Last week, I decided that it was that time in the pandemic where I start a wellness journey, or at the very least, think and talk about starting a wellness journey. Reasons to get healthy abound: I turned 30 recently, there’s nothing to do in New York, I’m vain, the President – who loves McDonalds and is apparently obese – has the coronavirus and despite his best efforts to convince us otherwise, looks like shit, I need motivation to cook and enjoyment of food alone doesn’t do it for me, and so on. Naturally, my first move was to post on IG announcing my turn to wellness and crowdsourcing health hacks. Stand out responses include: “I don’t drink alcohol or coffee and my skin still sucks”; “The only reason I don’t do detoxes is because I hate unpredictable poops”; “I quit coffee but now I have almond hot choccie with marshmallow everyday”; and simply, “Collagen powder...for boss ass bitch skin and hair.”
As I searched for a compelling cleanse around which to base a new identity, I became increasingly disoriented and confused, as if lost in a hall of mirrors. Are juice cleanses so 2011? Is coffee even that bad for you? Is butter a carb? The thing about “wellness” as an industry is that there’s so much smoke and mirrors, and obviously, so much preying on women’s insecurities and self-hatred, that it’s tempting to just lean into the cognitive dissonance that slurping it up on junk is empowering and has no negative impact on your health.
Yet, I feel like there must be some sense to fasting, given it appears in religious doctrine across faiths, bringing followers closer to God, allowing them to atone for their sins, promoting empathy and solidarity, and turning those muddy brown auras into dazzling magentas and emerald greens. I have myself partaken in two “Nyung-Nes”, two and a half day Buddhist retreats that literally translate to “abiding in the fast”, and focus on healing illness, nurturing compassion and purifying negative karma aka bad juju through prayer, mantras, guided meditation, and fasting bar one meal. Allegedly, just two days of a Nyung-Ne are as effective as three months of other purification practices. We stan an efficient queen!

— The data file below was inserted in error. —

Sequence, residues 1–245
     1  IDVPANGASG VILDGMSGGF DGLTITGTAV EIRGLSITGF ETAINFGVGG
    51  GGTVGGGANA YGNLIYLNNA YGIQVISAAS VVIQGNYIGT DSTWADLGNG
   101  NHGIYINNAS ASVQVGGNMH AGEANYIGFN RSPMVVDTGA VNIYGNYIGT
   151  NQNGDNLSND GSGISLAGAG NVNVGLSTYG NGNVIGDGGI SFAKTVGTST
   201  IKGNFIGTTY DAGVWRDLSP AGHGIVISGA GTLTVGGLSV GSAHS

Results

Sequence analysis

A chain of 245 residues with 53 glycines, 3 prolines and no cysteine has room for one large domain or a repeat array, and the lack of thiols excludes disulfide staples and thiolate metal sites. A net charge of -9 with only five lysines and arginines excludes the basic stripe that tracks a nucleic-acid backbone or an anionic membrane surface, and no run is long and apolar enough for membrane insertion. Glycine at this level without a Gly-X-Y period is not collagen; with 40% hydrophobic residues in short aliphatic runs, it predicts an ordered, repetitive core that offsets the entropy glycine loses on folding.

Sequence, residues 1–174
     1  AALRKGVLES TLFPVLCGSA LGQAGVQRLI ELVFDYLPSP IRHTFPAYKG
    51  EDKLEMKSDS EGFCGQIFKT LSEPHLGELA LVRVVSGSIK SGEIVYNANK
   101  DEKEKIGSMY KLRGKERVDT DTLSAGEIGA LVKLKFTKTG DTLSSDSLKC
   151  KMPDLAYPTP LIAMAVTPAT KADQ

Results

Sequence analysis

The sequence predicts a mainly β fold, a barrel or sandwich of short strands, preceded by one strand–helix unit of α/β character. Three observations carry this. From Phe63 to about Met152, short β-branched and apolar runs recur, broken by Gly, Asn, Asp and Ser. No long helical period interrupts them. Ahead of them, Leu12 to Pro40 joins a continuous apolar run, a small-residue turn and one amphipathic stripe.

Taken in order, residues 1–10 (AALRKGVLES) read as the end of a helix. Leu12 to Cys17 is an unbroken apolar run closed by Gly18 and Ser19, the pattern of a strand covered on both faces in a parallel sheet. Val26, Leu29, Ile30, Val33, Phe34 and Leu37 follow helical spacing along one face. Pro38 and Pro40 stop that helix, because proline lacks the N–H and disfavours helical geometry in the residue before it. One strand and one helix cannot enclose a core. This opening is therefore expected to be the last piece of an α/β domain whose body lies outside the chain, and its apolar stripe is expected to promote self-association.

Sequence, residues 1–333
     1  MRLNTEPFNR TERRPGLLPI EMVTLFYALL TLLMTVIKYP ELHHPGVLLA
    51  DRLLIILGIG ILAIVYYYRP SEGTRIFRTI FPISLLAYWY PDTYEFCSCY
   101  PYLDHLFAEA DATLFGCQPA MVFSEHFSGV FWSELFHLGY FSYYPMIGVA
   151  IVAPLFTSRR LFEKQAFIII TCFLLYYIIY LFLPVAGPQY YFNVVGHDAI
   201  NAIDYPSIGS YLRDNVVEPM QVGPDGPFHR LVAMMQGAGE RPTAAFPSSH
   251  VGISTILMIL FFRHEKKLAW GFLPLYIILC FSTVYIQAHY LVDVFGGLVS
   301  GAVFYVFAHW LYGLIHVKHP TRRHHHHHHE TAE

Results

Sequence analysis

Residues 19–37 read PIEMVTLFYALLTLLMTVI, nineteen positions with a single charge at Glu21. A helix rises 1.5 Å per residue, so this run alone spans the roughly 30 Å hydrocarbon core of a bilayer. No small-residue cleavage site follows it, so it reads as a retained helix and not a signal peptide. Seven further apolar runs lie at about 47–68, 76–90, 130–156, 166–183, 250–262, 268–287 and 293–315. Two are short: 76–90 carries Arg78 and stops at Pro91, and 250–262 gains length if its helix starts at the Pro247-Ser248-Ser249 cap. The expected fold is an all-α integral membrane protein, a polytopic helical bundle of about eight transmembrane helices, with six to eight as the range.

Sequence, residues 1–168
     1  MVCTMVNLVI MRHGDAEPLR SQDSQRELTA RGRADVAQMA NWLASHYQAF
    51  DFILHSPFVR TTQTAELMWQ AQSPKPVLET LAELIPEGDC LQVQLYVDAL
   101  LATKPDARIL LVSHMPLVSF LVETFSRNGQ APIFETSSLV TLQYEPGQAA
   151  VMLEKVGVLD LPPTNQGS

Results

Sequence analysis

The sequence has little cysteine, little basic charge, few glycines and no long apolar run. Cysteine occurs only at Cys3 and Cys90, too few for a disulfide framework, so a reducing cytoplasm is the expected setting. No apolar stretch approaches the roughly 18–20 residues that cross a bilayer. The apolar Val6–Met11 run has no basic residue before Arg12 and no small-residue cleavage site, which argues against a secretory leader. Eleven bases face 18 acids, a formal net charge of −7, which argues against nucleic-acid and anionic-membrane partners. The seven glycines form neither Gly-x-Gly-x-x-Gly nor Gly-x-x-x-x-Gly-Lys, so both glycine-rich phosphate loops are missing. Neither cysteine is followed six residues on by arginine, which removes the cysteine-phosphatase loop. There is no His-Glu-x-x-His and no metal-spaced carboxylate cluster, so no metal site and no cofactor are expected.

Inevitably, given capitalism and our otherwise diseased society, an ancient and net good practice like fasting is debased and subsumed by the business of wellness and new age spirituality until it reaches its extreme in the form of...Jasmuheen! I was indoctrinated into the dizzying world of Jasmuheen last year, at a live show about women-led cults, where I learned that Australia is a global leader in the field (true equality!). One of our many women-led cults or cult adjacent communities is “Breatharianism”, a movement that promotes abstinence from food as a path to spiritual transcendence. The contemporary manifestation of Breatharianism is led by one Jasmuheen, née Ellen Greve, who claims to have survived on nothing but light or prana energy, tea, and the occasional cheeky nibble of a chocolate biscuit for over a decade. It seems that she has taken French philosopher Simone Weil’s belief that if light was all humans needed, we would be faultless, to its most literal and uninteresting conclusion.
With a background in finance, Jasmuheen rose to micro-fame in the late 90s after amassing a surprisingly solid following hocking seminars, straight to video box-sets, and books promoting the Breatharian way of life. After a smattering of deaths were linked to Jasmuheen’s teachings, the national treasure that is 60 Minutes set out to disprove the flaxen-haired guru’s claims once and for all, challenging her to “live on light” for two weeks while under strict observation by their camera crew. Jasmuheen agreed, and the grainy YouTube video aptly titled “Breatharian Fail” was born.
While I encourage you to do yourself a favor and watch the video, here is a brief synopsis of key developments: Jasmuheen iconically requests that the experiment be conducted somewhere “beachy and yummy”, a suggestion that 60 Minutes disregards, instead putting her up next to Brisbane's Story Bridge where she claims the air quality is too poor to sustain her. The group then moves to a country residence, where the prana is up to Jasmuheen’s standards and the experiment continues. Over four days, Jasmuheen deteriorates rapidly while maintaining that she feels “great!”. Eventually, as a gaunt Jasmuheen slurs her words and enters the risk zone for kidney failure, 60 Minutes calls off the experiment, fearing legal responsibility. Reflecting on the experience a decade or so on, Jasmuheen, ever the sultan of spin, thanks 60 Minutes for giving her the gift of humility: “It destroyed my reputation in the world, which gave me the gift of freedom.” Just like the tower tarot card teaches us, you must destroy a world to create one!
The air in New York is not so pure, so I shall not attempt to live off its prana alone, but I too dream of being whisked away to somewhere beachy and yummy. The hunt for the path to wellness continues: unsolicited opinions welcome!